One of the more unique features is the ThinkLight—Lenovo's answer to the backlit keyboard. Put simply it is a small white LED situated above the screen which is controlled by the BIOS. Currently I am undecided as to if this is a gimmick or genuinely useful. In addition to being ISV certified the W500 also features a 56k modem, certifying it for use in the mid-1990s. This makes it ideal for time lords and the such.

Installing Debian

The install process is relatively painless and well documented. I used a Squeeze (Debian testing) netinst CD dated the 20th of September 2009. Before installing it is important to first disable the 'switchable graphics' feature. This can be done in the BIOS. I opted to use the integrated Intel card. For some reason I was unable to get the text-mode installer to work: the system would hang after setting the console font. The graphical installer worked fine, however. Other than that the hardware presented no problems to the installer.


Since everyone has their own idiosyncratic way of partitioning disks here is how I went about it. As this is a portable device some form of data encryption is a necessity. While Debian does support various forms of full disk encryption all of them come with usability trade-offs. So instead I opted just to encrypt my home directory/partition. This is relatively easy to accomplish and allows for ones logon password to act as the decryption key. (So the partition is transparently mounted/un-mounted upon logging in/out.) This requires a separate home partition. In order to avoid having to guess the required partition sizes I used LVM. This makes it easy to resize partitions at a later date should the need arise. Further benefits of LVM can be found here.

As the system has 6GiB of RAM I decided not to create a swap partition.

To this end I partitioned the drive into two primary partitions: a 256MiB Ext2 boot partition and a 119GiB LVM volume. Inside of the LVM volume I created a 15GiB Ext4 root parition and an empty 25GiB partition.

Configuring The System

Home directory encryption

There are many guides explaining how to set up an encrypted home directory. The one at Debian grimoire is particularly accessible.


Complete instructions on setting up the Intel WiFi Link 5300 can be found on the Debian wiki.

Synaptics touchpad

With the release of Lenny Debian has been slowly moving away from explicit configuration files. This means that by default there is no /etc/X11/xorg.conf file—instead replaced by HAL policy files. Therefore if one wishes to configure the touchpad that a custom policy file is required. An example of such a file can be seen below.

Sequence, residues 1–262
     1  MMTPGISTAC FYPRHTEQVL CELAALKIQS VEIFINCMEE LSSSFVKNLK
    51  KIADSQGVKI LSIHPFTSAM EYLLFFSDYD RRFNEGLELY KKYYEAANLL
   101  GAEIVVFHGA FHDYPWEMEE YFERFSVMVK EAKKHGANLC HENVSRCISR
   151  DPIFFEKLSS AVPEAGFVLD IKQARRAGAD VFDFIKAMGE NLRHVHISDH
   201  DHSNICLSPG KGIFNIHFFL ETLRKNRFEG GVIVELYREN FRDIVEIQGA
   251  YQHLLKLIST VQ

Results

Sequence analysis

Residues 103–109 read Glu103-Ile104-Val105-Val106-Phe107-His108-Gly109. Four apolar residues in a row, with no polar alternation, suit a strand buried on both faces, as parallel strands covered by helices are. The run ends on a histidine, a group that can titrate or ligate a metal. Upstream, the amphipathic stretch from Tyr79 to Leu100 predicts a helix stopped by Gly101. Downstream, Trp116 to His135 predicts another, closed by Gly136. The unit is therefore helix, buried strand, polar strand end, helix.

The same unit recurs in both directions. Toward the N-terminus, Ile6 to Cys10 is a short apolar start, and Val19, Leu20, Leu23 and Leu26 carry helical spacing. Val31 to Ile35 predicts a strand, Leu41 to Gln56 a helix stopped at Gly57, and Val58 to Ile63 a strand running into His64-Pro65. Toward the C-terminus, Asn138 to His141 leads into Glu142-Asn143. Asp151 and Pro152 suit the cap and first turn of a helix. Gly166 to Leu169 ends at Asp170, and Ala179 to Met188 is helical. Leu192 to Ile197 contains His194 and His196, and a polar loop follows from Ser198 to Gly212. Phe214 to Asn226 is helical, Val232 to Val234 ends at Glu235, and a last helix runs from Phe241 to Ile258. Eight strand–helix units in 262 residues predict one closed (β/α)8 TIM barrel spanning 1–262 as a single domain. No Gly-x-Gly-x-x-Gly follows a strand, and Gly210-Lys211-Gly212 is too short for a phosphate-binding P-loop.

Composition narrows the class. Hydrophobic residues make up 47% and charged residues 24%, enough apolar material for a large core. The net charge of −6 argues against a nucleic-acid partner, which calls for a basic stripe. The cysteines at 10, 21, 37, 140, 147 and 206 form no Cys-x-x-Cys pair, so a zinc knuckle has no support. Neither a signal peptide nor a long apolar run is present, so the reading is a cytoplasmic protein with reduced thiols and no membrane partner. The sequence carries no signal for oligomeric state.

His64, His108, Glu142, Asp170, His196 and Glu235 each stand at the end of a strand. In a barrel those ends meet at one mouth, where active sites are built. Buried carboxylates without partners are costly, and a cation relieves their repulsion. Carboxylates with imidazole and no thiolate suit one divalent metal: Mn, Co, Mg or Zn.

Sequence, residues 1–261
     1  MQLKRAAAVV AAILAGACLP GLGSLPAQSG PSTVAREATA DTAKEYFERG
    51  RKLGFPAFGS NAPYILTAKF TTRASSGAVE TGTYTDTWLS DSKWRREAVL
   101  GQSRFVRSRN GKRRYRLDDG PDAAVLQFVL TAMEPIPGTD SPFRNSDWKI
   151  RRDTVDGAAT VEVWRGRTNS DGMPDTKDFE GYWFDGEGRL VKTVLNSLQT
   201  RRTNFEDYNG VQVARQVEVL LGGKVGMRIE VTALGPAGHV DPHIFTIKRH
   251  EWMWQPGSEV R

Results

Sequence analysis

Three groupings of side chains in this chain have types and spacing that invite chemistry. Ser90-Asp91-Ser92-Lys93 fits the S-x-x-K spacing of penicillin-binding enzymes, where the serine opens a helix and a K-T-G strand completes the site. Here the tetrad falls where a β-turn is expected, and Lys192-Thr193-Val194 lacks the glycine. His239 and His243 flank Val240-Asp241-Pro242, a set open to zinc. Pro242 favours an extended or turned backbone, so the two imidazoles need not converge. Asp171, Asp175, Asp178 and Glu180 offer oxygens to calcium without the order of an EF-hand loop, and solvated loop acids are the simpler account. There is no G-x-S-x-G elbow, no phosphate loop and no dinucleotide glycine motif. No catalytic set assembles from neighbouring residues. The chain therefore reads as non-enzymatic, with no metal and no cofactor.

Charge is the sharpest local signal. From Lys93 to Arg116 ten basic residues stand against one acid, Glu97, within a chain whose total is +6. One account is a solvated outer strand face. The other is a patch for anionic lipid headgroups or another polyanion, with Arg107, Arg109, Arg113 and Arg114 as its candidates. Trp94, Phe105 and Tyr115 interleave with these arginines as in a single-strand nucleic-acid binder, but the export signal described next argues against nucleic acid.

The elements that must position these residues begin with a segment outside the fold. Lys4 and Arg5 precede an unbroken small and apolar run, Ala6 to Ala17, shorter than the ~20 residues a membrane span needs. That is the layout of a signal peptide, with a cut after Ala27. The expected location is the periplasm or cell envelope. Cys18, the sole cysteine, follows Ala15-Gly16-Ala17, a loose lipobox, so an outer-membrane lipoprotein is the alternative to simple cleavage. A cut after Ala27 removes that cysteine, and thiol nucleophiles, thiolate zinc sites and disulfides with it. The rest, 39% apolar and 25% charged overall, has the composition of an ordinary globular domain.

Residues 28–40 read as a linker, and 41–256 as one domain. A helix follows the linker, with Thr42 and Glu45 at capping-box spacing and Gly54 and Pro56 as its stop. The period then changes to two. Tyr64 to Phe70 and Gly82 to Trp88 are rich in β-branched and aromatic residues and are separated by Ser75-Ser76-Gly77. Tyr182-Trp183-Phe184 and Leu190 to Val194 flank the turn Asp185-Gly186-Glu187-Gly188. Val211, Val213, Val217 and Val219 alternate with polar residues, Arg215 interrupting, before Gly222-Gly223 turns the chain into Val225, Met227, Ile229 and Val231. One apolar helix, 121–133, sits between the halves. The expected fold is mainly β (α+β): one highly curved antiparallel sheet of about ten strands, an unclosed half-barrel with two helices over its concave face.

<?xml version="1.0" encoding="ISO-8859-1"?>
<deviceinfo version="0.2">
    <match key="info.capabilities" contains="input.touchpad">
      <merge key="input.x11_options.TapButton1" type="string">1</merge>
      <merge key="input.x11_options.FastTaps" type="string">true</merge>

The policy file has the effect of enabling the tap-to-click feature of the touchpad along with the 'fast taps' features. The configuration options are exactly the same as what one would write in xorg.conf. A complete list of options can be found by typing $ man synaptics.


TrackPoint configuration is slightly more convoluted. This is because some of the settings are exposed by the kernel driver and others by the XInput driver. The ThinkWiki project has a page dedicated to configuring the TrackPoint. While the article provides several mechanisms for setting device attributes I highly recommend the use of udev. When configuring the TrackPoint in my W500 I encountered the following issues:

The resulting rules file can be seen below.


KERNEL=="serio2", SUBSYSTEM=="serio", DRIVER=="psmouse", \
WAIT_FOR="press_to_select", \
ATTR{press_to_select}="1", ATTR{ztime}="15", ATTR{sensitivity}="180"

The ultrabay

The serial ultrabay slim is fully supported under Linux and is treated as a generic ACPI bay. Hot swapping devices, including batteries, is fully supported so long as the correct procedure is followed.

Advanced ultrabay battery III

It is worth pointing out that the advanced ultrabay battery III is not fully supported prior to Linux 2.6.31. With the default 2.6.30 kernel that ships with Squeeze the battery would charge and discharge perfectly but would generate a kernel panic upon ejection.

Upgrading to the 2.6.31 kernel in the Experimental branch fixed this issue.

Graphics acceleration

The Intel GMA4500HD is fully supported by the open source Intel drivers. No explicit configuration is necessary. This includes both Xrender and OpenGL. The $ glxinfo utility reports support for OpenGL 2.1.

I am yet to try the discrete ATI adapter. My understanding is that it is supported by all three ATI drivers (radeon, radeonhd and fglrx) to varying degrees.


Overall I am very pleased with my purchase. The hardware enjoys good support under Linux and would not hesitate in recommending it to others.

Links & References

W500 category on ThinkWiki
A comprehensive resource on installing and configuring Linux on ThinkPads. Some of the information is outdated, however.
Debian Wiki page on T400 installation
While specifically targeted at installing Debian Lenny on a T400 much of the information is relevant to a W500 under Squeeze.